The median house price, nationally, has come down significantly from the top of the bubble, but is still above the long-term trend line support. It can be argued that houses are still overpriced.
However, by one measure, the average house is underpriced. From http://chartoftheday.com we have the median single family home priced in ounces of gold.
Below we have reproduced the graph and added the 39 year average for reference. Although the average price of houses has still not quite reached historical trend lines in dollars, an ounce of gold buys more house today than it would at the historical average. With respect to gold, houses are undervalued today. It is interesting that the bubble for housing valued in gold occurred slightly earlier in time than for house values in dollars.
Compare the above to the value of houses in another commodity, oil, as shown in the following chart.
The bubble in house prices seen relative to dollars and gold did not occur for oil. Houses are still valued below the 39 year average for valuation in oil, as well as in gold.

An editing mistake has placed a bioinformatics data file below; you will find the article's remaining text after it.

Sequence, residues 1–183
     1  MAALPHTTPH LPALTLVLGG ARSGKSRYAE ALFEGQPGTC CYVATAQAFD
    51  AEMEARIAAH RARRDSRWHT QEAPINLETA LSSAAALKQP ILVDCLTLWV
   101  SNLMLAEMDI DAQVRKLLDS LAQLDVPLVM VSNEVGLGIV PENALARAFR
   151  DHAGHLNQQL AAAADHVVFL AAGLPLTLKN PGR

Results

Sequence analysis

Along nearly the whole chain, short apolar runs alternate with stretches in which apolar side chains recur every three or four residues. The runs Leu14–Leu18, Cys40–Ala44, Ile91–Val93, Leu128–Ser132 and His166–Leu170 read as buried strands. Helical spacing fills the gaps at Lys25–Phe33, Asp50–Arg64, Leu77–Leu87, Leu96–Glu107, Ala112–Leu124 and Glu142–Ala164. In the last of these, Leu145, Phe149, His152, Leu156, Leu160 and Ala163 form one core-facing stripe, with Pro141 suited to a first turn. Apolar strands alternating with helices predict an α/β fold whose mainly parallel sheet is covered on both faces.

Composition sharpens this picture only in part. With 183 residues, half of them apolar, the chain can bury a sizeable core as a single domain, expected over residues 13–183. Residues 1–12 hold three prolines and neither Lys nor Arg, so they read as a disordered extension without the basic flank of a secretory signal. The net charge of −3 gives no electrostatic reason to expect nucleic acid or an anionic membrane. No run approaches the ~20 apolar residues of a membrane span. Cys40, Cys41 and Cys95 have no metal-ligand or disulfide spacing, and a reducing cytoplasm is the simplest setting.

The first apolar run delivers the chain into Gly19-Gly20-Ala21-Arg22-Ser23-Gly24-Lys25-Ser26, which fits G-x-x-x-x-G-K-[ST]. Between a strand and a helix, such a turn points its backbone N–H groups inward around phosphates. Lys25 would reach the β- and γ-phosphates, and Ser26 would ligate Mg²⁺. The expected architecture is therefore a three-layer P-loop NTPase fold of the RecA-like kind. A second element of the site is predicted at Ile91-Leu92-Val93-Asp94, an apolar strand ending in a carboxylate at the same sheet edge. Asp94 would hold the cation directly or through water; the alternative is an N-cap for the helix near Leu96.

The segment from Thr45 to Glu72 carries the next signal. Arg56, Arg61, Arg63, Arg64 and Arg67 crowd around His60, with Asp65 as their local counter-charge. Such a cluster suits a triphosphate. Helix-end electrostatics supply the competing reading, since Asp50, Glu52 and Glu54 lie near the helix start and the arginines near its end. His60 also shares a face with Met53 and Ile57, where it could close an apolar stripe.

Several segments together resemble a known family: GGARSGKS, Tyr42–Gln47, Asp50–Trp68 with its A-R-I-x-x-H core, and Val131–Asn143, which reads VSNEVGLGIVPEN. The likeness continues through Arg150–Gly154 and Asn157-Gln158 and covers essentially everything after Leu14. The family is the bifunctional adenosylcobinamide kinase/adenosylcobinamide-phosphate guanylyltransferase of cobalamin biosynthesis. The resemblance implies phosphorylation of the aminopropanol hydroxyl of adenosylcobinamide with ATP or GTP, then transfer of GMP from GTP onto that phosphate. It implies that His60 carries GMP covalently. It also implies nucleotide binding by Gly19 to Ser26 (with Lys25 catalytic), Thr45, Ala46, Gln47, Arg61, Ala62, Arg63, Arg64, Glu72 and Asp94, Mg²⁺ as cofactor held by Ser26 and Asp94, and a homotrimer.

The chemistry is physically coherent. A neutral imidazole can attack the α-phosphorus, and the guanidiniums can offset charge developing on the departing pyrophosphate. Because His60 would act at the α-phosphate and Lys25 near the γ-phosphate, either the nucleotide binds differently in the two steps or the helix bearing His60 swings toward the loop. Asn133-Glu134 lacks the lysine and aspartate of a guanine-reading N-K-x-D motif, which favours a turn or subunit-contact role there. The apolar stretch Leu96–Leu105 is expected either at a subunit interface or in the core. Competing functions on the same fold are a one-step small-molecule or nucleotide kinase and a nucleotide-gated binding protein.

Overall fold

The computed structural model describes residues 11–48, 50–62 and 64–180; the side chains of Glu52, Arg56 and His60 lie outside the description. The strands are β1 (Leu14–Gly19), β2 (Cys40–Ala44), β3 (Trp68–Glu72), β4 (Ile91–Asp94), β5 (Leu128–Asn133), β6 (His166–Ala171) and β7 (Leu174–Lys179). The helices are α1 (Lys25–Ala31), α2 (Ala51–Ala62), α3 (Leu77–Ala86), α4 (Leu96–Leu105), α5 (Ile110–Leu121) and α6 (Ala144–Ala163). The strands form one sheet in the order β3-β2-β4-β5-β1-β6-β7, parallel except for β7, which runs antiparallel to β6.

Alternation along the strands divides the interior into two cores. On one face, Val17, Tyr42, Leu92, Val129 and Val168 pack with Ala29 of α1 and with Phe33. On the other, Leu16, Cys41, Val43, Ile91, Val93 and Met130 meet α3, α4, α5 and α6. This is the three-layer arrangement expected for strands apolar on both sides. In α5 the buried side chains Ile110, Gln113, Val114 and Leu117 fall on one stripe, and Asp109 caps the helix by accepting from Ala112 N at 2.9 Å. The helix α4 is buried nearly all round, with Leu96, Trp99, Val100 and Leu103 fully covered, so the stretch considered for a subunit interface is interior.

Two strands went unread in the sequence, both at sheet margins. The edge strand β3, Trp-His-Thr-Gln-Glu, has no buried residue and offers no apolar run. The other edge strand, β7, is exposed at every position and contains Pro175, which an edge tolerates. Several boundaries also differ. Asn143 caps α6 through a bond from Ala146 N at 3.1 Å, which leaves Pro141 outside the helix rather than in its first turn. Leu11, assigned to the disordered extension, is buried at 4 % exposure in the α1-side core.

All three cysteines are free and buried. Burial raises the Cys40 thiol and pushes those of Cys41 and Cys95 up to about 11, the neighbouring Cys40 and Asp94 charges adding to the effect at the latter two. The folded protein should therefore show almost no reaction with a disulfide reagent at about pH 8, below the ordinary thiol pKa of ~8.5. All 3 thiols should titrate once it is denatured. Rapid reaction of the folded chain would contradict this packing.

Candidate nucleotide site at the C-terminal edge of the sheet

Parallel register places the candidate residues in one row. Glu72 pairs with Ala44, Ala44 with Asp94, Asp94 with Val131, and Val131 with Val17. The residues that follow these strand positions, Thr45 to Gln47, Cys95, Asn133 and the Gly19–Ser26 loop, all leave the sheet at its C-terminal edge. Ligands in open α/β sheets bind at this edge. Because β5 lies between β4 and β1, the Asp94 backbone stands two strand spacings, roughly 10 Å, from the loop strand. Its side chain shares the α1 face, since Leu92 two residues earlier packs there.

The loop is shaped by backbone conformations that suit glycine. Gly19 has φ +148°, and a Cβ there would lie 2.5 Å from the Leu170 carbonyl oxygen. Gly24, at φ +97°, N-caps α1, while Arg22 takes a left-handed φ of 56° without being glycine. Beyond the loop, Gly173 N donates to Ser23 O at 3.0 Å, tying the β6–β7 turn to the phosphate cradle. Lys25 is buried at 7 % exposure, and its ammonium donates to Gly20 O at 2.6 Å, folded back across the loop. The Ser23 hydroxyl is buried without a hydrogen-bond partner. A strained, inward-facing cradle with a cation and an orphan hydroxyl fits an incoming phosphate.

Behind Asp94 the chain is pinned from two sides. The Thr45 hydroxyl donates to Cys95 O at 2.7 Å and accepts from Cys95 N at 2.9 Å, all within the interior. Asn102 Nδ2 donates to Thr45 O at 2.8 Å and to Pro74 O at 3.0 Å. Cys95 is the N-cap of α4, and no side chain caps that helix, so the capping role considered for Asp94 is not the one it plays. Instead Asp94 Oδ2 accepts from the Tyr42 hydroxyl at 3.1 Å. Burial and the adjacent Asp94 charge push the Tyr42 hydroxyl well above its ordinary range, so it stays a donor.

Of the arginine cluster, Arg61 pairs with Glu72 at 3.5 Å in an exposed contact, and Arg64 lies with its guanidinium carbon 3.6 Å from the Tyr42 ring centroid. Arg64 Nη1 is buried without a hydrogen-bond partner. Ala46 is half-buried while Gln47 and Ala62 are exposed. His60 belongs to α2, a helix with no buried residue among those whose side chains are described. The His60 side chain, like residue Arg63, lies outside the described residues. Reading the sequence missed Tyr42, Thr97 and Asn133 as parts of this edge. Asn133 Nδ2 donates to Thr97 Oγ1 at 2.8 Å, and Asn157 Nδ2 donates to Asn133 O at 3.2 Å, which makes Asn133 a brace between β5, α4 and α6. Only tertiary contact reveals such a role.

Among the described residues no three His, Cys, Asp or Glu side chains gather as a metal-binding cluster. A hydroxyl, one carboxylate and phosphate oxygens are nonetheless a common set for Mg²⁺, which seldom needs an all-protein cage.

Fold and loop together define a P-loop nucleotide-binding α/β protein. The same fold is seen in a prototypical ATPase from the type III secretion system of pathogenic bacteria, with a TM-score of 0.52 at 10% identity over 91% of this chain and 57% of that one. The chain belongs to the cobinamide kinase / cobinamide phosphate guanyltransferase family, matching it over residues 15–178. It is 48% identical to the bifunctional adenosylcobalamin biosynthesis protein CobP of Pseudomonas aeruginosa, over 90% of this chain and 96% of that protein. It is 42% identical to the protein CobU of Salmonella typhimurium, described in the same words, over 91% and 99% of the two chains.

Looking at another commodity, copper, we get the chart below. There are marked similarities between the shape of the charts for the price of a house in gold and in copper.
We see a different story when looking at an agricultural commodity, like corn. The price of a house in bushels of corn has had a clear up trend since 1970, with the support line shown in red in the graph below. The price of a house in corn has not yet reached the support line. The chart for the value of a house measured in bushels of corn has a strong resemblance to the chart of house prices in dollars.
These charts are interesting curiosities. It is not clear what significance they have besides being another indication of the decline in the value of the dollar with respect to natural resources. In a facetious vein, one might observe that oilmen and miners are in a better position to buy a house than salaried/hourly workers or farmers.